(Leslie Tai, USA, 2023)
How to Have an American Baby is a primer in much more than its name suggests. Director Leslie Tai’s 8.5-year undertaking simultaneously introduces, exposes, and empathizes with the complex world of Chinese birth tourism in the U.S.The film follows the stories of pregnant Chinese women who travel to Southern California to stay in “maternity hotels” until they give birth, so that their children will be American citizens. Beyond the stories of these women, the film traces the multitude of intersecting socioeconomic and geopolitical vectors that create such an industry.
Despite the culturally-specific context, the motivations and experiences of the film’s subjects are familiar and relatable. Like so many parents, the women are not so much seeking the American dream as they are pragmatically pursuing the best opportunities for their children. To do so, they must navigate the absurd financial demands and mundanely inhumane protocols of the American medical system.
By documenting the maternity hotel bosses, workers, and nearby NIMBYs, as well as the women and their families, Tai presents a robust world full of complicated relationship dynamics and economic pressure points. The one labor scene in the film feels high stakes not only because of the pregnant woman’s arduous ordeal, but because Tai is pulled out of the room in a crisis moment to translate for another woman whose newborn is fighting for his life. This woman becomes a character in the film, reflecting Tai’s openness to following the twists and turns of the story.
The emotional investment of the audience was palpable throughout the screening, with many sniffles, gasps and one collective guffaw in reaction to a high-tech mahjong table. Ultimately, through the interplay of each character’s story, the film underscores the uniting power of one of the most fundamental of human experiences: giving birth.
(Deborah Stratman, USA, 2023)
Last Things by lauded experimental filmmaker Deborah Stratman compresses, as she remarked in the Q&A, “4.5 billion years in 50 minutes.” A hypnotic and visually variegated contemplation on the “prehistory of prehistory,” Last Things combines evolutionary geoscience and speculative texts with an entrancing array of film techniques to invoke the spirits of our oldest ancestors, like chondrites: super ancient meteorites.
The film operates on what Stratman described in the Q&A as “scales that are either much smaller or much bigger than we can actually sense,” and she employs an array of entrancing visual techniques to document the spreading formation of soy sauce crystals, extreme close ups of chondrite innards, and colorful superimpositions. Though I didn’t know what I was actually looking at half the time, the feeling-tones of the images invoked a somatic sense of the depth of spacetime beyond cognitive comprehension. At times, the geometric nature of the visuals were reminiscent of the hallucinations that can occur in hypnagogia — the liminal state experienced while falling asleep.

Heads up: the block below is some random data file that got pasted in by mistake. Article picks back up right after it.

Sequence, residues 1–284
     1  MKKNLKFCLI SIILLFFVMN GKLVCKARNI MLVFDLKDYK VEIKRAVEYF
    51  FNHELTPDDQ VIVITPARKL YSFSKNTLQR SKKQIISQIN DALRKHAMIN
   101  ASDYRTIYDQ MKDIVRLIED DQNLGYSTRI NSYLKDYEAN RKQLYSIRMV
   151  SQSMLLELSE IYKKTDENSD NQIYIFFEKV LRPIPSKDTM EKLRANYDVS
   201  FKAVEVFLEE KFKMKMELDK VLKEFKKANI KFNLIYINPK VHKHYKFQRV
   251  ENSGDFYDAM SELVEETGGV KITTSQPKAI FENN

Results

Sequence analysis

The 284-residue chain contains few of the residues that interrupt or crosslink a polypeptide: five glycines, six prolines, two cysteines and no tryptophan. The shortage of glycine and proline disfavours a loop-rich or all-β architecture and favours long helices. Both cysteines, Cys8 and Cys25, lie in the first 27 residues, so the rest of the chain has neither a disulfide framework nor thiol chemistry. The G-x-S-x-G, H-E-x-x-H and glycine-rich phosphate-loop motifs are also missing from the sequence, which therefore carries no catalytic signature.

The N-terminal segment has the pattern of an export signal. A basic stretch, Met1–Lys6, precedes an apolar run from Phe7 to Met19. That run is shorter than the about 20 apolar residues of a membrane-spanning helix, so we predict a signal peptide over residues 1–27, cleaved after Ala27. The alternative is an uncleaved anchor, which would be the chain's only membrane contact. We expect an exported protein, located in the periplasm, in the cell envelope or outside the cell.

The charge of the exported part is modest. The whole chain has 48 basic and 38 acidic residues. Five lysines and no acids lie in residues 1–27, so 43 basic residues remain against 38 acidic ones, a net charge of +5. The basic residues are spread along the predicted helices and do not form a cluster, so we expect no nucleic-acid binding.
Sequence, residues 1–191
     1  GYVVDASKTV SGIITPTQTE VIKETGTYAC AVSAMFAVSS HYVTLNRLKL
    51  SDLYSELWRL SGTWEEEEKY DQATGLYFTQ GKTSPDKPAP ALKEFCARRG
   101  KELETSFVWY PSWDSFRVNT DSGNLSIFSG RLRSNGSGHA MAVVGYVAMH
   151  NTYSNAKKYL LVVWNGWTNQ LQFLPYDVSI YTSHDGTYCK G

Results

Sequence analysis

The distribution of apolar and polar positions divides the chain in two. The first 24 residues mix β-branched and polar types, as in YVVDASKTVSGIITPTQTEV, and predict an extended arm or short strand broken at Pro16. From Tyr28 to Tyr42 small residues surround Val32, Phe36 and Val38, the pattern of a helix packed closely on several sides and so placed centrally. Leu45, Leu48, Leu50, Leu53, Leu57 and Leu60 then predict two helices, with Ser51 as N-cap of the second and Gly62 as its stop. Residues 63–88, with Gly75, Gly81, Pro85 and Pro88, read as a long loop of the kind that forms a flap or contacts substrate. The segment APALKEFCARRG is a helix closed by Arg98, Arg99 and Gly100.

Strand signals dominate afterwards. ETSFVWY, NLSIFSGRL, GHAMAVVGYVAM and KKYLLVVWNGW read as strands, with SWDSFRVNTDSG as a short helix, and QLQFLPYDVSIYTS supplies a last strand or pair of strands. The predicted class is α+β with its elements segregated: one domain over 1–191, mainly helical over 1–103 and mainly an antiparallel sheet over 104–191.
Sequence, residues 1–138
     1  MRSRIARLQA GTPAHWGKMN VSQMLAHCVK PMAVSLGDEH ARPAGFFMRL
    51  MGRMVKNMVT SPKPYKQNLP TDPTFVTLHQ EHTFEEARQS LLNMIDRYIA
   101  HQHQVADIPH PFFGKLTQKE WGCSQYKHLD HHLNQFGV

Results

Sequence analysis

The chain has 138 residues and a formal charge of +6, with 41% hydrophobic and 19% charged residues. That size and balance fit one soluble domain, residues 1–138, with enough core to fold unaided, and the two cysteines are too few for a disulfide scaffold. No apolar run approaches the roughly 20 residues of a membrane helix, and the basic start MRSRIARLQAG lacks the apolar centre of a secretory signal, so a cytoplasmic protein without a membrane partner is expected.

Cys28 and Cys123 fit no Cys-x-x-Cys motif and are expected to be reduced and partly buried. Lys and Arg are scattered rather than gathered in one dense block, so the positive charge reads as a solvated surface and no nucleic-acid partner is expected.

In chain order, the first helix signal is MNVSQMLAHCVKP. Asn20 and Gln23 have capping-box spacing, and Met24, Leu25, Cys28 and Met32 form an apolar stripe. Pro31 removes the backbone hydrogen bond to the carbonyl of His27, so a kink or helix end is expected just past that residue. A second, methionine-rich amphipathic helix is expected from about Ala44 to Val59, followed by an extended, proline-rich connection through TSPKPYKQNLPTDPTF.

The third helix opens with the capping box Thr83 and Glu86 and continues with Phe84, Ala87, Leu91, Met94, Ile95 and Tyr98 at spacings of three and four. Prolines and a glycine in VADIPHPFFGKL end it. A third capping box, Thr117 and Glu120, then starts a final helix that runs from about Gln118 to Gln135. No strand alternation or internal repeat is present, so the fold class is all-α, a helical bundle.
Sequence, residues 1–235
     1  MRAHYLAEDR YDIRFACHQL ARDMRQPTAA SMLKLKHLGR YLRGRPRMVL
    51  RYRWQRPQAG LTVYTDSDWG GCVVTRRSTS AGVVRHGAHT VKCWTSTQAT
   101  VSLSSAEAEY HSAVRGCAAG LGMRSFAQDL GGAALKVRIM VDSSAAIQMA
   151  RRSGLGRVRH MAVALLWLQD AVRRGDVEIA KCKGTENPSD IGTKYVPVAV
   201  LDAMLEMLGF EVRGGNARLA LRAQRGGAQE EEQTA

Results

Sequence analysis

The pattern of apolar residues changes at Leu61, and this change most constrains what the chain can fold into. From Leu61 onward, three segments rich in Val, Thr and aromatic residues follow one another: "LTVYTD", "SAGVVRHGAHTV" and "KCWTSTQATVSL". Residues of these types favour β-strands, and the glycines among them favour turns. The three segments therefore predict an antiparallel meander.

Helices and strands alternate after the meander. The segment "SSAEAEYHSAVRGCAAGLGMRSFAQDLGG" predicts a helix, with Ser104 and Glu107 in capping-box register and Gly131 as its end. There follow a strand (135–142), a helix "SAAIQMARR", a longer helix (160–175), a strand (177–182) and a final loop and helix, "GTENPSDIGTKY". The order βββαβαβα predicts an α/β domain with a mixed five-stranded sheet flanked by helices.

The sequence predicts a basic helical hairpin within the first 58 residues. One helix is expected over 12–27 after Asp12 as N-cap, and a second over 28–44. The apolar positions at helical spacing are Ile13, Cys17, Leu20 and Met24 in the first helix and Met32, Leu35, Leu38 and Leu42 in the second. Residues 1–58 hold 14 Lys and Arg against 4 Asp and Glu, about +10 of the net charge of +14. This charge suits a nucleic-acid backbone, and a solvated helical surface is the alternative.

Two divergent but complementary narration lines interact as vocal neighbors throughout the film. Valérie Massadian reads in French from a range of speculative and existentialist texts by writers like Clarice Lispector and J.H. Rosny. Geoscientist Marcia Bjørnerud expertly distills the events of mind-boggling timescales into a digestible, compelling story about the astronomical and geological history of stones and minerals.
The last things in Last Things take more recognizably human shapes. A group of people stand in a beautiful field, each holding a mirror, reflecting the brilliant shine of the sun into the camera in a synchronized rhythm, while chill-inducingly beautiful choral music plays in the soundtrack. Stratman waits till the final scene to take us to an unedited human environment: a group of capoeira dancers performing on the street.
R21 AKA Restoring Solidarity
(Mohanad Yaqubi, Qatar, Occupied Palestinian Territory & Belgium, 2022)
R21 AKA Restoring Solidarity is a rare kind of film essay about the movement for Palestinian liberation struggle, drawn from 16mm propaganda films from the 1960s-80s which were maintained by Japanese activists. Feeling a strong sense of solidarity with the Palestinian fight for freedom against an imperialist oppressor, the Japanese group preserved and presented these films to raise awareness about the Palestinian struggle in Japan. A multi-layered exercise in cultural reflexivity, R21 is a film that questions the function of the archive, displays a solidarity gesture from one social struggle to another thousands of miles away, and presents a revolutionary film archive in dialogue with itself.
Director Mohanad Yaqubi took on the archive and sculpted R21 from twenty of these archival films. The archive is presented with loving attention to detail, including the preservation of music tracks in all their warped fuzzy glory. The only contemporary footage details the archival process, through close ups of film cans being opened, reels delicately removed, and the digitized files interfaced with in transfer and edit software.
In one striking propaganda film, a group of Palestinian boys play outside, far from town. One boy finds a discarded piece of artillery. When another boy eyes it covetously, a chase ensues. Cleverly cutting in footage of Israeli tanks rolling in, the story climaxes with death, spurring the surviving youth to take up arms. In a flash, petty child’s play is replaced with revolutionary battle cries.
Ultimately, the incredible specificity of the film’s context implicates the audience with a series of probing questions: what is my role and responsibility to global awareness? Whose seemingly disparate story is in fact connected to my own? How can I raise consciousness in my community about these connections? As the programmer introducing the screening remarked, what does it mean to make a film about a solidarity movement as it’s still in process?
(Silvia Del Carmen Castaños & Estefanía “Beba” Contreras, USA, 2023)
“What’s your favorite film so far?” is a common conversation starter at film festivals. Hummingbirds was the answer I heard most often at True/False, frequently followed by, “it really feels like you’re hanging out with them.”